Turning to staffing resources, we believe that many offices have the expertise and ability to address airport projects. Before 2003, ARP had environmental specialists and attorneys with proven track records of successfully completing environmental impact statements for airport development projects within an average of 31/2 years. While ARP agrees that some regional and field offices have less expertise and/or higher workloads than others, FAA headquarters historically delivers additional project management, technical, and legal services as needed for a timely and effective EIS process as noted earlier. ARP also notes that its regional and district Airports offices share personnel to the extent permissible and practical to assist in EIS preparation.
ARP acknowledges the commenter's major role in Congress enacting the Department of Transportation Appropriations Act of 2003, part of which established and funded 30 additional positions in FAA to expedite environmental reviews for airport projects. ARP conducts regular training conferences, enrolling employees in reputable environmental training courses, and gradually increases the responsibilities of its newer employees in offices throughout the country. Those new employees are developing the skills and abilities needed to address multiple, complex airport projects concurrently and effectively. At the same time, when ARP anticipates that headquarters resources may not be sufficient to meet schedules for multiple ongoing complex airport projects, it has asked sponsors to fund additional FAA staff and trained consultants.
Independent Utility: A commenter requests information on independent utility. ARP's Response: Paragraph 202.c(4)(a) discusses ALP approvals for actions having independent utility. Start Printed Page 29024
Information in Order 5050.4A: One commenter noted that in some areas the language in Order 5050.4B is improved over the language in Order 5050.4A. In other instances, neither Order 5050.4B or Order 1050.1E contains language adequately addressing specific airport actions. The commenter fears that these omissions will obscure the clarity of instruction for some of these actions that Order 5050.4A provided. ARP's Response: Agree. ARP has revised much of the discussion from Order 5050.4A that the commenter specifically recommended.
Instructions are not consistent with NEPA: One commenter voiced its extreme concern that the information in the Order is not consistent with NEPA, that it lacks scientific and factual basis, and that it exhibits a bias toward the aviation industry, while stating it presents environmental stewardship principles. The commenter provided specific examples of its concerns to ensure the Order more accurately reflected NEPA requirements. Some examples the commenter included were: (1) A DNL 3 dBA increase in the DNL 60-65 dBA contour should be a significant effect, (2) FAA should, “* * * produce peer-reviewed scientific research that investigates the effects of a 3 dBA increase in 60-65 DNL contour;” (3) that the DNL metric is the only acceptable noise metric to the exclusion of others; (4) that FAA should seek input of a local advisory board in selecting its EIS consultant; and (5) that FAA should not consider the need to relieve airport congestion as an emergency per CEQ'a emergency procedures at 40 CFR 1504.(b)(2). ARP's Response: FAA disagrees with the commenter's statements on consistency with NEPA. ARP notes that Order 5050.4B must be and is consistent with Order 1050.1E. Since the latter Order presents agency-wide NEPA implementing instructions, Order 5050.4B's consistency with Order 1050.1E means it is consistent with NEPA. ARP requests that the commenter review the Significant noise impact threshold portion of this Preamble for FAA's definition of significant noise, the use of the DNL metric, and other noise concerns the commenter noted. ARP also suggests that the commenter review responses to comments on in this Preamble addressing paragraphs 1003 and 1404 for issues related to consultant selection and FAA's compliance with NEPA during emergencies, respectively. Regarding the Order's consistent with NEPA, ARP reminds the commenter that CEQ has reviewed Orders 5050.4B as well as 1050.1E. FAA has revised both Orders to ensure they meet CEQ concerns. CEQ's reviews and certifications of those both Orders indicate CEQ has determined that both Orders conform to CEQ regulations.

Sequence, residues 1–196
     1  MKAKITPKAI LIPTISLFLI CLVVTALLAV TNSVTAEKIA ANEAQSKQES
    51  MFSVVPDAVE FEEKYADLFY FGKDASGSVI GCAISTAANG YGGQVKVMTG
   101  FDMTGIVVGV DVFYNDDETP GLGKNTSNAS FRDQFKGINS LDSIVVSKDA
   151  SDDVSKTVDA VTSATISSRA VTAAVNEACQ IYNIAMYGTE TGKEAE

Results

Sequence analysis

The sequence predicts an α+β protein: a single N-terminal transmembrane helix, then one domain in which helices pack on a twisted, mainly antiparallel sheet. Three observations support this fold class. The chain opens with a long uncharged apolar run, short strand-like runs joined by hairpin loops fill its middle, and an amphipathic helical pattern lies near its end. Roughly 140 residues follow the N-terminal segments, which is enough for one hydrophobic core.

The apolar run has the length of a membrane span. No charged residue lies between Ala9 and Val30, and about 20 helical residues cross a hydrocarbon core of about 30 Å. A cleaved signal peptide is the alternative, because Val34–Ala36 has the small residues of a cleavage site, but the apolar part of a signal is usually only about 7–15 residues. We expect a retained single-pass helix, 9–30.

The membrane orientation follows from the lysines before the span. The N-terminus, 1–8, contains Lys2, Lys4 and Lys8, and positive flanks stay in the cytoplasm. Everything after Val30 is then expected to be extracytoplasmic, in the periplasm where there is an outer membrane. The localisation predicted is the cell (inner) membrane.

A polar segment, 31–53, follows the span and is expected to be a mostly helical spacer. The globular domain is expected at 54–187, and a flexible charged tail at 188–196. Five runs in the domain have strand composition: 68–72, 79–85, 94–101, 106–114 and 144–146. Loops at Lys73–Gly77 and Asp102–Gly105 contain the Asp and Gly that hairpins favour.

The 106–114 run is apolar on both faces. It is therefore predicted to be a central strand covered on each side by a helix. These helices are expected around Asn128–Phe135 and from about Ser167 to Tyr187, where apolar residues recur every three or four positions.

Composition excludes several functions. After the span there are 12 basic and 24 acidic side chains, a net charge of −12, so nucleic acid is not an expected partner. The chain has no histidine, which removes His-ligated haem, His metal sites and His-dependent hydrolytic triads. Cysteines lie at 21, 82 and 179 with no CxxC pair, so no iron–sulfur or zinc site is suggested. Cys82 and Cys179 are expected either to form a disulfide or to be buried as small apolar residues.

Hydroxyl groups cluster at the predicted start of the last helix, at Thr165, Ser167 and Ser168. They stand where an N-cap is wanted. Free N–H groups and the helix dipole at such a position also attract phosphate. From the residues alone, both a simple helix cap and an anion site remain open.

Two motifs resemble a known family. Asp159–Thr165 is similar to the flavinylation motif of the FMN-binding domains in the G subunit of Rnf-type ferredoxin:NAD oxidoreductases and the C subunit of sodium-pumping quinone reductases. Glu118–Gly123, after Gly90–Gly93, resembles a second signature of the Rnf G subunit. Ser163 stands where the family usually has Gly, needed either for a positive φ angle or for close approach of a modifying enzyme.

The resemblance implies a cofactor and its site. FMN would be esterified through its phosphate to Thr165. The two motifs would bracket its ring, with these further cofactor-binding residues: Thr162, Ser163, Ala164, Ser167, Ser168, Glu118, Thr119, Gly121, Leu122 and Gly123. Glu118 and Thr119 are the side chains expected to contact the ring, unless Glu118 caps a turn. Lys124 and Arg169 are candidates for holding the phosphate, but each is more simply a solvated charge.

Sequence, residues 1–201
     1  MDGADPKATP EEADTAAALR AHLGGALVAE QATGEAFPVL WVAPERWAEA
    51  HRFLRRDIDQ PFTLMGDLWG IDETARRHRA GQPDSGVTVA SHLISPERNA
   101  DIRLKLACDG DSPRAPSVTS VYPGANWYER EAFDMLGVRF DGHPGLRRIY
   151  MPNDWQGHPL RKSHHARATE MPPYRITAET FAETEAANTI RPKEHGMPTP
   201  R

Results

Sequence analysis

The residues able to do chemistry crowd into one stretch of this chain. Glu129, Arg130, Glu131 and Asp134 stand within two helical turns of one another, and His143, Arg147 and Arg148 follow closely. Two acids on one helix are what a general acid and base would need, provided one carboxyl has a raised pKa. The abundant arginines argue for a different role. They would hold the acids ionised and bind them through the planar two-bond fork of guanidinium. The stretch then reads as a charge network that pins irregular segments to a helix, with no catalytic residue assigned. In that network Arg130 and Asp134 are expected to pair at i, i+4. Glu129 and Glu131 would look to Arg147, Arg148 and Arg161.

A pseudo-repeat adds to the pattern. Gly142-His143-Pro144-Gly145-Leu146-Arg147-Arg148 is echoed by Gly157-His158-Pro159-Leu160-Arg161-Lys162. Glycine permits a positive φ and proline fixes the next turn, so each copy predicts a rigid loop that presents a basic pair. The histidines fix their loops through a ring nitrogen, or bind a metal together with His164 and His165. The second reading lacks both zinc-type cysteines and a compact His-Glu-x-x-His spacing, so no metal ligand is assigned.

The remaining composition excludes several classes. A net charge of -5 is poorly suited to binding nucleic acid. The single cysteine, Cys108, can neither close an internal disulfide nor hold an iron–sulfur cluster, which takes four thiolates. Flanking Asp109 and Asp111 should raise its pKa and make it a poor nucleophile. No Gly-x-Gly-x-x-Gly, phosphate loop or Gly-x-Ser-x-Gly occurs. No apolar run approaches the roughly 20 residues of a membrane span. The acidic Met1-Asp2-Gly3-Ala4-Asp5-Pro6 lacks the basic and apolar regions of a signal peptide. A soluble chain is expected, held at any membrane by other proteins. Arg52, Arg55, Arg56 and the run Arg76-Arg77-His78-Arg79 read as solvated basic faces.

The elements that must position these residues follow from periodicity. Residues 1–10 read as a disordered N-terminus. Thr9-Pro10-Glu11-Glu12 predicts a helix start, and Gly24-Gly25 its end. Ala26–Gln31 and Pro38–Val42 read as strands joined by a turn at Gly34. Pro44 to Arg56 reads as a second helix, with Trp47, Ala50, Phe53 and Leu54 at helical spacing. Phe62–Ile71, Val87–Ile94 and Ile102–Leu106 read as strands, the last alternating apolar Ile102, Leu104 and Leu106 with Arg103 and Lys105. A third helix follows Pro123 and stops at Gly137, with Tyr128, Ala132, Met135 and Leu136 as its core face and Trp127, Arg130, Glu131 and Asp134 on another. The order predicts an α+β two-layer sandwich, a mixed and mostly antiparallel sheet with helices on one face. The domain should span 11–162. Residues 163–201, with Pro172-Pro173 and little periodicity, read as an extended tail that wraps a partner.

Instructions on “NEPA-like” states or agencies: Two reviewers sought more information on these issues in general. They request instructions on what to do when state rules specifically require discussions of certain issues and prohibit discussions of others. Of particular note, they seek information on how to handle the topic of human health risks (i.e., hazardous air pollutants) in joint Federal-State documents. They note that Orders 5050.4A and 5050.4B seem to encourage separating State and Federal environmental documents. The commenters note there may be statutory or regulatory limits on combining documents, nevertheless, they request more information on the “NEPA-like” issue. ARP's Response: For information on aviation-related air toxins and human health risk assessments, readers should use FAA's Federal Register “Notice of Adoption and Availability of Order 1050.1E” (No. 69. FR No. 115, p. 33784, 6/16/2004). However, since preparing that notice in June 2004, the Federal Highway Administration (FHWA) has issued its Interim Policy on Mobile Source Air Toxins, and FAA has addressed this topic in EISs it prepared for airport actions at Los Angeles (LAX), O'Hare, and Philadelphia International Airports. In these EISs, FAA estimated air toxin emissions but did not prepare human health risk assessments.